nV News: Who are you? What do you do? What makes you so damn lucky?
Cass: My name is Cass Everitt. I work for NVIDIA in the OpenGL Applications Engineering group, which is the OpenGL part of technical developer relations. My primary responsibility is to make sure developers know how to get the most out of NVIDIA hardware.
This means writing demos and whitepapers, preparing presentations for developer trade shows, as well as direct contact through developer visits, email, lists, and OpenGL.org forums.
I do feel lucky - no doubt about it. Not just to have a job at the coolest graphics company in the world, but to be doing work that I truly love. The job market today is too good to waste time doing something you're not passionate about. I was lucky to discover 3D graphics programming was so much fun, but I think my passion for it is largely responsible for the rest.
nV News: What gets you going? New features or more fillrate and why?
Cass: Working on cool real-time rendering techniques is what gets me going, and I'd credit "new features" as being more enabling in that capacity today. Cool rendering techniques depend (to varying degrees) on both features and fill-rate, and scalable techniques can trade one for the other.
nV News: DirectX 8: Small step or giant leap?
Cass: I don't know -- I'm an OpenGL guy. :-) Seriously, I should clarify that by saying that both 3D APIs are being driven by the rapid pace of hardware development.
Both APIs will have to expose significant new functionality to allow applications to use the hardware. In OpenGL this will be done through extensions, and those extensions do represent a giant leap.
nV News: What do you feel is the number one mistake developers make to under utilize available hardware? What would you do to help them?
Cass: I would guess the #1 mistake is trying to write one-size-fits-all code.
Often developers do not take advantage of great extensions like vertex array range or register combiners in order to keep their code portable. Sure it's more work to make extension-specific optimizations and enhancements, but that's a lame excuse for a real-time app.
nV News: Favorite games? (If you have time...) Both for gameplay and just plain eye-candy.
Cass: I used to really like Gapper (very addictive CGA game). Today my daughter and I enjoy playing Star Trek Voyager: Elite Force together. I like to watch other people play Quake III (for the eye-candy), but my reflexes are too slow to do anything but die quickly.
nV News: What would be some good resources for the 3D layperson to use to get a further understanding of coding and rendering 3D graphics? What is the one book or resource you have worn out?
Cass: There's a lot available. Muller and Haines have done a great job with Realtime Rendering. Jim Blinn's A Trip Down the Graphics Pipeline is artfully delivered and packed with information. The Graphics Gems, Siggraph (and other conference) proceedings, and the old standby Computer Graphics: Principles and Practice are all great reference materials.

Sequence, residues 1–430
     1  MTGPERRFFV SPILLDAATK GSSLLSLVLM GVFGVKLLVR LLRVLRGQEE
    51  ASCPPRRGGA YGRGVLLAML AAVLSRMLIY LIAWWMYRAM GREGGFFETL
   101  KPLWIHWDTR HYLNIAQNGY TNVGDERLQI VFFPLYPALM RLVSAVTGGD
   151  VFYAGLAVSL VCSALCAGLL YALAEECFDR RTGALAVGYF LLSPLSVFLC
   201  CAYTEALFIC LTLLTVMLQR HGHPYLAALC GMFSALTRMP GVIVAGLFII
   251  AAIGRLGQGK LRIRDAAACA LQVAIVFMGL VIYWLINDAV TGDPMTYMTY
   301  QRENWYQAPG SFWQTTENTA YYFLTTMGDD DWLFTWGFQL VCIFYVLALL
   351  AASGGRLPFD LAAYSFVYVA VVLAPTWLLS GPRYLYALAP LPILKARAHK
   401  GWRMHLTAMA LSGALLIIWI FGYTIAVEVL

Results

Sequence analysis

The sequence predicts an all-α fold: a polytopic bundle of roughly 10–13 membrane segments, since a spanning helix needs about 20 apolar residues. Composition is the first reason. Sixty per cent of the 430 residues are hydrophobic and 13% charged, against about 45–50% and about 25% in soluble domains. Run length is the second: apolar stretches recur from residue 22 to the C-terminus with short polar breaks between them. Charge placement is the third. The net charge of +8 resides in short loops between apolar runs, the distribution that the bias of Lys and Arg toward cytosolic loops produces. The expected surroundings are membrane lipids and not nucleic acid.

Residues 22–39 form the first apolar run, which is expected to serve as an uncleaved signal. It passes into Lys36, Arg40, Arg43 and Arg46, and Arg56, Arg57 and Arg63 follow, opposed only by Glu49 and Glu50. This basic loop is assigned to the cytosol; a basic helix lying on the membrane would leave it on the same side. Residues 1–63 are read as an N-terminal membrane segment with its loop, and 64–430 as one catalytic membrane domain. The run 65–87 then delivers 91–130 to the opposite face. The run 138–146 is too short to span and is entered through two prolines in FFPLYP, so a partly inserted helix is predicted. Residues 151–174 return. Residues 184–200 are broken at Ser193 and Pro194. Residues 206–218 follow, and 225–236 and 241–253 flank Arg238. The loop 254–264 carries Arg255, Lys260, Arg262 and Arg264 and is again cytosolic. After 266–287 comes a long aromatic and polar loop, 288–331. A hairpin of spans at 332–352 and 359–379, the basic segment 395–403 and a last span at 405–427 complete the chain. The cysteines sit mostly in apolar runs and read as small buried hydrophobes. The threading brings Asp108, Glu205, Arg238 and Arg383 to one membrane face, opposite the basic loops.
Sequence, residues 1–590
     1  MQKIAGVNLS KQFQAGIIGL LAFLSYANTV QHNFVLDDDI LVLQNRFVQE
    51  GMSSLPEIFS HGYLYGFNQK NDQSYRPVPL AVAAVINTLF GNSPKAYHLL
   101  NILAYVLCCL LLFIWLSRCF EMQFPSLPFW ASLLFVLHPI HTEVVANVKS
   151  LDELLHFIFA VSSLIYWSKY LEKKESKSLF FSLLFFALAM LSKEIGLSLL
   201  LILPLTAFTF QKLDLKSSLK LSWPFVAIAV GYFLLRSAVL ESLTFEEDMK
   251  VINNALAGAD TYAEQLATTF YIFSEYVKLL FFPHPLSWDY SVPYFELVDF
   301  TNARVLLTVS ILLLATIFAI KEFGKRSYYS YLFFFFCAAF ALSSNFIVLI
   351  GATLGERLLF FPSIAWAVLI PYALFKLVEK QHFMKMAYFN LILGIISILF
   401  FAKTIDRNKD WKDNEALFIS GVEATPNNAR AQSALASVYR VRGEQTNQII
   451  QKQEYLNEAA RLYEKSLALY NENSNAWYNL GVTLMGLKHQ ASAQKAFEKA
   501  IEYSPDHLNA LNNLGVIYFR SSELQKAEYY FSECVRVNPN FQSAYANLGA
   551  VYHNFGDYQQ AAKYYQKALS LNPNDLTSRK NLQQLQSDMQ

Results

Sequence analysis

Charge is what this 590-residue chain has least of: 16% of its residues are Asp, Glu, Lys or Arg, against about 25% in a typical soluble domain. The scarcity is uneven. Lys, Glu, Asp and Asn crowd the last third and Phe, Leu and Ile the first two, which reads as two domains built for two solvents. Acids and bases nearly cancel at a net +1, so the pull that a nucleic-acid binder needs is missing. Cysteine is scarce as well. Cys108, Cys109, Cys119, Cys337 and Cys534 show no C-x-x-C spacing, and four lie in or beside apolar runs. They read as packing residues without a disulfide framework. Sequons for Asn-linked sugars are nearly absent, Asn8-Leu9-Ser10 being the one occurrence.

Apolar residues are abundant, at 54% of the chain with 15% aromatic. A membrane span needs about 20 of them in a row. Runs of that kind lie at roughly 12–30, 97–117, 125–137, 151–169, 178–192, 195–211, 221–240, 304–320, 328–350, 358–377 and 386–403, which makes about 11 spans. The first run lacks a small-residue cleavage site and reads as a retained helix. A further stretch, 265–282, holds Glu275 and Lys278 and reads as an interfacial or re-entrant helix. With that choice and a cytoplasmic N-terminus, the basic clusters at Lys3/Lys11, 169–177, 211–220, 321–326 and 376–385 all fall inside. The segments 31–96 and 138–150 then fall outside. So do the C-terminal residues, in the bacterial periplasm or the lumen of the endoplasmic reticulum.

The OpenGL programming resources I use most are: the Red Book, the OpenGL Spec 1.2.1 (pdf), nvOpenGLspecs.pdf, OpenGL.org, lists and discussion forums.
I think Stroustup's The C++ Programming Language (3rd ed) is a must for serious C++ programmers, and the SGI STL web pages are outstanding for quick reference.
The resource I "wear out" is nvOpenGLspecs.pdf.
nV News: Upcoming NVIDIA demos, anything you can leak to us?
Cass: Now you know if I told you, I'd have to kill you. :-) Stay tuned though, we've got some great new demos coming in the next couple of weeks.
nV News: Involvement in new hardware: Do the nerds let you have a wish list for hardware features?
Cass: At NVIDIA, everybody gets to be involved. The architecture group
generally makes final determinations on what will and won't make it in to a particular design, but all interested parties are encouraged to make suggestions and participate in the discussions.
nV News: OpenGL is ever expanding and, I feel, the best API for cross-platform development. Do you feel that Microsoft and DirectX sometimes "holds
back" OpenGL development?
Cass: Microsoft is obviously focused on the DirectX APIs, but I don't feel they're holding back OpenGL development. I do wish they'd update the OpenGL library to support 1.2, though. It's annoying to have to use wglGetProcAddress() to get at 1.2 entry points.
I do think that OpenGL users should be more proactive about pushing
the OpenGL API forward. This is something I'm actively involved in right now through personal discussions, and through the opengl-api-dev group I started at eGroups.com.
nV News: Dream job? Where and what?
Cass: I try not to think too far ahead. I really enjoy what I'm doing now, and I might do this type of work for the rest of my career. I remember reading a comment from John Carmack in a Slashdot interview where he talked about damn good engineers becoming mediocre managers because they thought they were supposed to.
I am very happy being an engineer for NVIDIA. It's an exciting time to be doing this kind of work, and there's no other place I can work where I'm advancing the state of graphics as fast as we are at NVIDIA.
nV News: Any comments?
Cass: You guys run a great web site!
I would of course like to thank Cass Everitt for taking time out of his lazy and wide open schedule (heh) to answer these questions. If you have any comments, feel free to click, type and press send or post them in the forum.
Back to nV News